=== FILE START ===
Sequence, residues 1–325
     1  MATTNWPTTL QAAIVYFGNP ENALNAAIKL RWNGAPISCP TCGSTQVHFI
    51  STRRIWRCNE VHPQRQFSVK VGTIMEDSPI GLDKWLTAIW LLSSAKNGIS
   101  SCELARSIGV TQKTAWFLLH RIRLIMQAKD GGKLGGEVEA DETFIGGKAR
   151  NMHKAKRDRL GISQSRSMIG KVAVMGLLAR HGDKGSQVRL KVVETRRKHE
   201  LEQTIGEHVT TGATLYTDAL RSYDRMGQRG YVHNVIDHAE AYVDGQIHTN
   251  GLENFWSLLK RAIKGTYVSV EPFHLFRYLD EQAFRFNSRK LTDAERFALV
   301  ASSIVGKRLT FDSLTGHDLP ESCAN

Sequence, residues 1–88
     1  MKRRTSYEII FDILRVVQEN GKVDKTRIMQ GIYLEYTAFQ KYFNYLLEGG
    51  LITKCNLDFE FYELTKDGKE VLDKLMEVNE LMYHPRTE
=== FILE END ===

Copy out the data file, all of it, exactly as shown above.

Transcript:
Sequence, residues 1–325
     1  MATTNWPTTL QAAIVYFGNP ENALNAAIKL RWNGAPISCP TCGSTQVHFI
    51  STRRIWRCNE VHPQRQFSVK VGTIMEDSPI GLDKWLTAIW LLSSAKNGIS
   101  SCELARSIGV TQKTAWFLLH RIRLIMQAKD GGKLGGEVEA DETFIGGKAR
   151  NMHKAKRDRL GISQSRSMIG KVAVMGLLAR HGDKGSQVRL KVVETRRKHE
   201  LEQTIGEHVT TGATLYTDAL RSYDRMGQRG YVHNVIDHAE AYVDGQIHTN
   251  GLENFWSLLK RAIKGTYVSV EPFHLFRYLD EQAFRFNSRK LTDAERFALV
   301  ASSIVGKRLT FDSLTGHDLP ESCAN

Sequence, residues 1–88
     1  MKRRTSYEII FDILRVVQEN GKVDKTRIMQ GIYLEYTAFQ KYFNYLLEGG
    51  LITKCNLDFE FYELTKDGKE VLDKLMEVNE LMYHPRTE